This blog is translated from German with DeepL.
If you want mature employees, you have to meet them at eye level.
Time and again, there is media-driven discussion about the transparent salary system being forward-looking. I recently read an article by the CEO of XING SE with this chosen subtitle. But as I read through it, it quickly became clear to me, I didn’t really feel the method described was transparent and open.
But what have we done differently at Gimelli Engineering AG? What is the result of our transparent salary system?
I would like to go into these questions in more detail in the following article and it would be my pleasure to make you, dear reader, curious to try something unique. Unique? Yes, because once disclosed there is no turning back. But what’s the point if the result is that employees feel strongly involved and acceptance increases as a result.
We no longer talk about whether and how much more someone will earn in the coming year, and whether that is justified. Instead, we match employee interests and skills with operational needs. And if that need doesn’t yet exist or doesn’t match up? Then we create it, if the market demands it. What role someone fits into and what the design president or organization champion can do to move up to another role is now the focus of a promotion discussion. Salary is essential from an employee’s point of view, but it is a self-evident and fixed part of a role that no longer needs to be discussed.
When I started at Gimelli Engineering AG in 2014, my predecessor told me that we wanted to introduce a salary system. However, this was without knowing specifically what the goal of this should be. It remained in a to-do list for a few years and at the employee appraisal in April 2017, I set myself the goal of introducing a salary system at least as a calculation tool for the management, so that salary discussions are not only conducted according to pure arbitrariness and gut feeling. Although the latter is indispensable in everyday business life and I would not want to miss the so-called “gut feeling” as a management tool.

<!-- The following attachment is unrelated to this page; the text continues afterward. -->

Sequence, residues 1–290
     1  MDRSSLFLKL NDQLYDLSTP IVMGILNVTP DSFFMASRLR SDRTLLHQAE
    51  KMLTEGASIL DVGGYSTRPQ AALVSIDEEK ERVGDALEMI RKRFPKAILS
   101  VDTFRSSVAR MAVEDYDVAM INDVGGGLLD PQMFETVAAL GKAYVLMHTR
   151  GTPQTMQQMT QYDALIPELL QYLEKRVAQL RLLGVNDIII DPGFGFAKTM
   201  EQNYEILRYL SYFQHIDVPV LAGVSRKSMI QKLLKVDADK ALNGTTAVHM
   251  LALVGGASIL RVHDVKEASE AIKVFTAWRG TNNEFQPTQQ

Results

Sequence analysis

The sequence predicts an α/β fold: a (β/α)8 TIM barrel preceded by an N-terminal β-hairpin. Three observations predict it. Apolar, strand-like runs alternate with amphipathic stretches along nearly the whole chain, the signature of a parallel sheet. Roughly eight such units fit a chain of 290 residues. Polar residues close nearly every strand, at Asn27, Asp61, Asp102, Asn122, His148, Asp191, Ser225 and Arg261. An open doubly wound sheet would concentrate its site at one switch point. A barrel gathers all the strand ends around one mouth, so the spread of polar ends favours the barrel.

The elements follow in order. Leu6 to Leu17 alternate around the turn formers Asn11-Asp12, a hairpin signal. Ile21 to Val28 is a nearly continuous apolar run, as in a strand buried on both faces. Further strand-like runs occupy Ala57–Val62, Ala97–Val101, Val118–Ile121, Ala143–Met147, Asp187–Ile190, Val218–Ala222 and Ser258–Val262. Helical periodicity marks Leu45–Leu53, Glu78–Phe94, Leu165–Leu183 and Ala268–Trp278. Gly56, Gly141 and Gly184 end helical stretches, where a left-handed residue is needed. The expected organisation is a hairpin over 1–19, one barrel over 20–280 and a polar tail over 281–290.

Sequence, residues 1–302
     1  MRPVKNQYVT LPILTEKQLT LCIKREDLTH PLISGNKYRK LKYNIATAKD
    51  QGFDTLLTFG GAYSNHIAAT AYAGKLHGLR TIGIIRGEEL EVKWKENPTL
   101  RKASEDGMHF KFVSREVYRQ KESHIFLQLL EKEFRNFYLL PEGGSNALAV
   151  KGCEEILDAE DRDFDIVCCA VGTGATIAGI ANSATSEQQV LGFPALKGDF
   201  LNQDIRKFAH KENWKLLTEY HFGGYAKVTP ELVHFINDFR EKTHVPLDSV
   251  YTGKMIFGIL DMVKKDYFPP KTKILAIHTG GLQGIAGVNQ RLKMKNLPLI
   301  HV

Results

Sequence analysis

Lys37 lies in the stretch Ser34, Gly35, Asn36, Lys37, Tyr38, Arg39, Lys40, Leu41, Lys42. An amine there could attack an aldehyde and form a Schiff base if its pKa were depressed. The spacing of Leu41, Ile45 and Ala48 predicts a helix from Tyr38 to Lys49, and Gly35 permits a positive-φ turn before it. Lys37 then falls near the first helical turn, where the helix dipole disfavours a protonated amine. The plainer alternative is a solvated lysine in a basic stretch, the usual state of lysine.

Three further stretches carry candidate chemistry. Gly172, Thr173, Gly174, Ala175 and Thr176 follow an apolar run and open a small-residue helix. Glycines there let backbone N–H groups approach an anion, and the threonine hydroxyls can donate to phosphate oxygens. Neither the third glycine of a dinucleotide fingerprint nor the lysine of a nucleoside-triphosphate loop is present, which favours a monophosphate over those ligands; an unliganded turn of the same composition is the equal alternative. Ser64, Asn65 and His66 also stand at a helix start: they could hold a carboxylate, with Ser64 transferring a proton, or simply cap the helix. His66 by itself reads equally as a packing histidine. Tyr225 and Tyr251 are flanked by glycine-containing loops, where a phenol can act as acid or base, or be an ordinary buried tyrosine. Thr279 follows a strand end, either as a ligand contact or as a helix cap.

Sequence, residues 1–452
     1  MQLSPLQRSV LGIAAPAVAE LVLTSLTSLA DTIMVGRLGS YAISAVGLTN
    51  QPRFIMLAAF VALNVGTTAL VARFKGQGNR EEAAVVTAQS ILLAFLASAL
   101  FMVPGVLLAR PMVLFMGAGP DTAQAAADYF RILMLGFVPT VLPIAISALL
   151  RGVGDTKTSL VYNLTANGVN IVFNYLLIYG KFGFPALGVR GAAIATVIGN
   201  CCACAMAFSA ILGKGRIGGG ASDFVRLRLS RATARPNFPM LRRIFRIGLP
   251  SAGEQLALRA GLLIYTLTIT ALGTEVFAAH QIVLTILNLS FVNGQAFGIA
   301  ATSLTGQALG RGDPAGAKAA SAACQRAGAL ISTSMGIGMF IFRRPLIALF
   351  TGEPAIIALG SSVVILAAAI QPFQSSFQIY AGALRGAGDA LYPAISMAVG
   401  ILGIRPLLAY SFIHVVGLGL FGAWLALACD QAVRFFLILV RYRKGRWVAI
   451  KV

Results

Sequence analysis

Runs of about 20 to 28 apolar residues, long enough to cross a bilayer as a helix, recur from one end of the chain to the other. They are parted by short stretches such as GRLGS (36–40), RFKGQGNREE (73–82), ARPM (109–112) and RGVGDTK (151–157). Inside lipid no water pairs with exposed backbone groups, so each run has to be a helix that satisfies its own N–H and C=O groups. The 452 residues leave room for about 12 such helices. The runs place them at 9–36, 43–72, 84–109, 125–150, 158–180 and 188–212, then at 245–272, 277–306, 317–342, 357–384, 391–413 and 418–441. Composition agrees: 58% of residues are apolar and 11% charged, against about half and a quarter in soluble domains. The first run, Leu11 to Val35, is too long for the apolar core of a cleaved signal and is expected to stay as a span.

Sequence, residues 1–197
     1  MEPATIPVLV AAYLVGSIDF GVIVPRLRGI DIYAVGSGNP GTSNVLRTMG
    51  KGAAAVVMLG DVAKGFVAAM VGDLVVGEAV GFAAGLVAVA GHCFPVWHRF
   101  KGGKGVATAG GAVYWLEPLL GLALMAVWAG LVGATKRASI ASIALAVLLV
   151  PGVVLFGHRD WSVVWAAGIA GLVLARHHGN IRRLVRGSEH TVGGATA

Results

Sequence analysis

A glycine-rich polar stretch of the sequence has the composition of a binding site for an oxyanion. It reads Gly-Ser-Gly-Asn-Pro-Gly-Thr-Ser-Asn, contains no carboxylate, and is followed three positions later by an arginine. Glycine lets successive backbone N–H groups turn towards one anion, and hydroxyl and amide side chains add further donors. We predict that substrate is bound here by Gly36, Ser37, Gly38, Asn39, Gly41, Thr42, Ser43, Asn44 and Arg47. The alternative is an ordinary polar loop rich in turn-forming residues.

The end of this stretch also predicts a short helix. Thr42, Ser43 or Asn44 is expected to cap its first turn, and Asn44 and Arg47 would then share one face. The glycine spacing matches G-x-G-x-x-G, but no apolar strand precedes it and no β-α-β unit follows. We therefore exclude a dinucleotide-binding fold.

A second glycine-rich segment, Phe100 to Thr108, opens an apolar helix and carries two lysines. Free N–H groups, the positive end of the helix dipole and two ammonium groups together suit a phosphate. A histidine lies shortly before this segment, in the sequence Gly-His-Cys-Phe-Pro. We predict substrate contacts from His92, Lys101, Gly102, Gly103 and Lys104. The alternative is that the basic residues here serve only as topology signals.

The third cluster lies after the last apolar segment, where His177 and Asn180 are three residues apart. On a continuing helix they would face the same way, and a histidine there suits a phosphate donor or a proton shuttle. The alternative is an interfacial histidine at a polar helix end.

Structure and planning
We first thought about what we wanted to achieve with the payroll system and what must not happen under any circumstances within the management in two workshops. One of our most important goals was not to lose any employees as a result of the wage system. Another was that no one should earn less than before. The fact that there were no shocking inequalities in the existing wage structure (wages were in line with regional and industry standards and there were no wage inequalities with regard to men and women) simply enabled us to create transparency. As a desired outcome, we hoped that “troublesome” wage negotiations with employees and within management would be history in the future. We had a well thought-out rough concept in our drawer. Then we asked ourselves the crucial question: How do we achieve employee acceptance? During this phase, we also looked for companies that had already taken this step.
Having an expert on our side gave us the necessary confidence to proceed. The next step was to get the employees on board. So we organized two team workshops in which the entire workforce participated. We even invited two future employees. After all, it was important to us that the system was supported by everyone. The first workshop was mainly for the workforce to learn about our mission, hear about the expert’s experience and then work out initial concepts in small groups. Transparency was important to us right from the start.
A project group was then formed with representatives from all areas and wage classes. This project group worked out a salary system within a “sporting timeframe”. I was in this project group as a representative of the management. It was a time of heated discussions, the clash of employee interests, business interests and one’s own opinion. We often stood together with our heads held high. It often got loud and emotional until tempers calmed down again and we continued to tinker.
I got to know many of my colleagues in a completely different way during this phase and was also confronted with my own fears about whether the system was sustainable for me personally and whether I could still make progress in terms of pay. After all, the idea of still earning the same at age 60 as you did in your mid-30s is not exactly inspiring, as long as you stay in the same role. For me, it was the time when we realized in depth that our heart beats for this company and that we are all striving to create valuable employment conditions here that are sustainable and with which everyone can identify. Now the quiet critic in you may emerge, saying, “Everyone can identify with this, it sounds nice, but I can’t really imagine it.” To be honest, neither could I at first!